“Simon!” I called once I reached the spot where the tracks used to be, “Simon! Where are you?” I stood still, waiting for an answer. A giggling sound reached my ears, it sounded like a child’s giggle. Pulling my coat closer against the early morning coldness, I ran deeper into the woods, not sure of what I would find.

I heard another giggle and narrowly dodged a tree that loomed up out of nowhere. And there was Simon. Sitting in the middle of the clearing, his short sandy hair was tousled and he was in his pajamas. There was a broad smile on his face as he searched the outskirts of the clearing for something. Upon seeing me he laughed and beckoned me over. Cautiously, I stepped over a rotting log into the clearing.

“Simon, what are you doing?”

“I am looking for my friend!” he whispered as I picked him up.

“Who is your friend?” I asked, dreading the answer.

“Leaf!” Simon whispered, staring at a spot past my shoulder, I whirled around, and gasped in surprise. Standing at the edge of the clearing was a creature of unimaginable beauty. It was twice the size as Luna, its head just below mine. It had mesmerizingly green feathers which shimmered in the sunlight. Its head was the head of a bird, angled face and sharp beak, its eyes were like fire, glowing red and orange, vivid against the beautiful green of the rest of its body. Shimmering green wings grew from its back, each the size of its body. A bloody gash ran through its right wing, bright red blood dripped down the whitish green of its wings.

The creature raised its wings high, stepping forward into the clearing, a growling sound resonated deep from its throat.

“Will! it’s Leaf!” Simon exclaimed.

Ignoring him, I backed up, putting a protective hand over Simon. A howl of pain erupted from the creature as it took another step forward. It wobbled, then collapsed. Blood making a puddle under its wounded wing. The creature made a cooing sound, its burning bright eyes darkened into a dull red, then black. It lay still, blood still dripping from the wound. I stared at the poor creature, at its dull black eyes, its beautiful green feathers, and its sparkling light green wing, dripping blood.

Simon wriggled out of my grasp, hitting the ground hard. I cringed, expecting a meltdown, but instead Simon just ran over to the creature.

“Leaf, Leaf! get up, please!” Simon wailed, petting its side gently. A purring, as quiet as the rustle of leaves in a slight wind poured out of the creatures mouth, it was strangely comforting. Setting my unease aside, I gathered some nearby fallen leaves and gently pressed them onto its wound. Seeing what I was doing Simon got up and gathered more leaves, handing them to me. To my surprise the leaves seemed to be working, the steady dripping of blood was slowing. Soon the leaves covered the entire wound and the blood stopped. His work done, Simon sat and leaned against the creature’s side, who purred again, this time quieter. I leaned against a tree, watching Simon lie with the creature. Its side was rising and falling steadily.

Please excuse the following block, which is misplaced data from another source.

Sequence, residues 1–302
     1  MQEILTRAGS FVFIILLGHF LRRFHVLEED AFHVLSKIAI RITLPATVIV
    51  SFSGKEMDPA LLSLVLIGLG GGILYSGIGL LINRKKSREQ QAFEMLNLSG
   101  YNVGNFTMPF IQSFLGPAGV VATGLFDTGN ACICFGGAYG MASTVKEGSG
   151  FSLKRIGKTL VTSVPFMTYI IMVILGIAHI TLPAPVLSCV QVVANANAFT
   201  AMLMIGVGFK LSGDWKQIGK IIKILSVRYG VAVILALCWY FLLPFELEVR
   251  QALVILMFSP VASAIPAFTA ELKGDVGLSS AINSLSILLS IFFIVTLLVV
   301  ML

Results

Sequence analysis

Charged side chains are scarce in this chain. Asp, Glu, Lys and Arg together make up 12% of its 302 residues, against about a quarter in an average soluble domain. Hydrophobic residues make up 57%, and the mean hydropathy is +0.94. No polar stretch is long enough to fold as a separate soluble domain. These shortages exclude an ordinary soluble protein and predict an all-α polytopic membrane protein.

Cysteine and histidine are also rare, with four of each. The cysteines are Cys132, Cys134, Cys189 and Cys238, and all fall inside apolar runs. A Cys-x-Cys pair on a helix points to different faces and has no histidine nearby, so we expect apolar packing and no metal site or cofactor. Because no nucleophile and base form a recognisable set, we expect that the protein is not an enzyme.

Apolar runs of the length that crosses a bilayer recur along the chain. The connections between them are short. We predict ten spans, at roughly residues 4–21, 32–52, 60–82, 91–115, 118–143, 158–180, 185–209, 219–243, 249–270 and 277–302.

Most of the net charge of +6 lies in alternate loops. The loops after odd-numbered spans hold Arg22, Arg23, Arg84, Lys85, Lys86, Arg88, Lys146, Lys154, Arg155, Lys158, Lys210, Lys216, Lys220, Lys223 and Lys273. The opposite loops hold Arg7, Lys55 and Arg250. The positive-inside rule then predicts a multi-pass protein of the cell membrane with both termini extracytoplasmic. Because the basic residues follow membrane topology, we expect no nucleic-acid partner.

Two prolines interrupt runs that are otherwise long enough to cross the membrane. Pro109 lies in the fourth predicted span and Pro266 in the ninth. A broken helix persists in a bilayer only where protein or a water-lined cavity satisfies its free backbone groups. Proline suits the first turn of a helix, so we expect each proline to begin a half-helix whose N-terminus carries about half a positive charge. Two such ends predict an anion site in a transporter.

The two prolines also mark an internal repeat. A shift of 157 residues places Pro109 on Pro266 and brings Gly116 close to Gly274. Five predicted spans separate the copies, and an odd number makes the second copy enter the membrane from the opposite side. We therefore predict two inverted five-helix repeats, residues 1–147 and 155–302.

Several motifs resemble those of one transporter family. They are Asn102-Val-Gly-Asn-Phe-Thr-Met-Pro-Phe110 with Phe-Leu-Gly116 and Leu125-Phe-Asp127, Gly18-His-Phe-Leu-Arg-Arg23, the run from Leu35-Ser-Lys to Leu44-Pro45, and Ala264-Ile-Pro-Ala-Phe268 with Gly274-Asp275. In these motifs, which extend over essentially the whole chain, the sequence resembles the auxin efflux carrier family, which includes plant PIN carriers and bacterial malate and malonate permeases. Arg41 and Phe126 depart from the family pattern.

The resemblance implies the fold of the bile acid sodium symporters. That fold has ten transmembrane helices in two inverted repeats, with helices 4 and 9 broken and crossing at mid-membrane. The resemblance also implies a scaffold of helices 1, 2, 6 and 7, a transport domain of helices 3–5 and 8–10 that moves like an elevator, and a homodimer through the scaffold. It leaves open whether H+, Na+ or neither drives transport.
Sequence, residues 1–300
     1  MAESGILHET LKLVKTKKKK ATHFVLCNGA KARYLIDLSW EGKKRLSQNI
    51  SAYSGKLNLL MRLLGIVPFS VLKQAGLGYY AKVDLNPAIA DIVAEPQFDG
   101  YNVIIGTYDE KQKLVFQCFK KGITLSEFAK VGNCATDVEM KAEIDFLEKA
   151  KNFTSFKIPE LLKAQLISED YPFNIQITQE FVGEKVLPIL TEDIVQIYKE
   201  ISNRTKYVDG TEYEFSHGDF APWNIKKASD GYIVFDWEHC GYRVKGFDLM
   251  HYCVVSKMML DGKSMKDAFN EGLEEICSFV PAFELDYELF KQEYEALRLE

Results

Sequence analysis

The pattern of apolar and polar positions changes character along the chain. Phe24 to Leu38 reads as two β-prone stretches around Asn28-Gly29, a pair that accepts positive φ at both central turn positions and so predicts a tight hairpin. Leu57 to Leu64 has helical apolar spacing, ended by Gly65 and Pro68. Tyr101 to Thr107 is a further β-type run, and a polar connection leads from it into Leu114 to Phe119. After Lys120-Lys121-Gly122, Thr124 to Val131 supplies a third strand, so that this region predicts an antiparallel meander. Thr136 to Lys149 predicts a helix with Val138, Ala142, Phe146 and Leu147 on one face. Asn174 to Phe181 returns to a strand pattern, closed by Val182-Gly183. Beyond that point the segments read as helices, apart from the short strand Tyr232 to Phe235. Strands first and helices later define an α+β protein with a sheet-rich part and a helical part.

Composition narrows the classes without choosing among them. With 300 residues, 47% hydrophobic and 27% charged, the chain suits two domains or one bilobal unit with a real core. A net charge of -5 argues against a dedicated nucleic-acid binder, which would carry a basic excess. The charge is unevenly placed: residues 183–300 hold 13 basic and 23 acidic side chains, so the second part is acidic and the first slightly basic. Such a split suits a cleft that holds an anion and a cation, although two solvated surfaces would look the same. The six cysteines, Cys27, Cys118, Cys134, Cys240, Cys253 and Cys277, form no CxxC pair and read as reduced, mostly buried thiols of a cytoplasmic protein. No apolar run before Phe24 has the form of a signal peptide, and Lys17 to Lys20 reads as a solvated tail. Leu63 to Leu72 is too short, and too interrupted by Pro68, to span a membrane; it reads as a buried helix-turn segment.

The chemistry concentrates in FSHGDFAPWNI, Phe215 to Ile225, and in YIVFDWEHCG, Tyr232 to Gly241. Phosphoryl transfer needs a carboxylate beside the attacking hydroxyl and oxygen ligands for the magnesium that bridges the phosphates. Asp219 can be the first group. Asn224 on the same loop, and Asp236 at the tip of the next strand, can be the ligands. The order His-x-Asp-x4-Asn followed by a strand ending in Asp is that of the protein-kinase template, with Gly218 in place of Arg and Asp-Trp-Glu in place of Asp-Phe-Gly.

“We need to take him back home! Look at all the blood he’s lost!” Simon was crying by the creature’s side, purposefully avoiding looking at its wound.

“Simon, I told you before, our parents won’t exactly be pleased to have a huge beast in their house,” I groaned. Simon was extremely stubborn, and I knew I would not be able to convince him to keep the creature here.

“He’s not a beast, his name is Leaf!”

“And he told you this?”

“Yes! He talked to me!”

I sighed, “Fine, we will take him home and keep him in the garage, but there isn’t much we can do about the wing, none of us have any medical experience.”

“Ok!” Simon said happily. He turned around and started whispering in Leaf’s ear.

“There is just one thing though, how will we get him back home?”

“Leaf can walk home, he just needs help,” said Simon matter-of-factly.

“Let’s go then,” I started walking out of the clearing. Looking back I saw

that Leaf was staggering towards me. Simon was on his left, working as hard as he could to keep him upright. Leaf’s fiery demonic eyes were staring at me, it looked like he was daring me not to help him, to give him a reason to hate me. A flicker of intelligence flashed behind its eyes as he glared at me. I blinked and the glare was gone, maybe I had imagined it. I moved back into the clearing to help with Leaf, who made no move to stop me.

 

“What have you done!” my mother shrieked, “We are not keeping that thing in the house!”

“What about the garage?”, Simon asked, “There’s plenty of room in there.”

“Look at those eyes, it’s dangerous!”

“Look at his wing, he’s hurt!” Simon yelled back.

Seeing the look on Simon’s face my Mothers face softened, “Fine, you can keep him in the garage, but you will be the one taking care of him.”

“Yay, thank you!” Simon said before guiding Leaf over to the garage. My Mother shuddered, “Those eyes felt like they were burrowing into my skull, I don’t like it.”

“I don’t think it means any harm,” I said with false confidence.

 

That evening I sat with Simon. He was feeding Leaf a couple worms he had spent the whole afternoon collecting. Leaf was gobbling them up gratefully. I watched the way Leaf’s short, feathered tail whipped around as he chewed the worms to a pulp. His wing was wrapped in a white bandage, which was slowly being soaked with blood.

“What do you think hurt Leaf’s wing?” Simon asked as he dropped another still wriggling worm into Leaf’s mouth.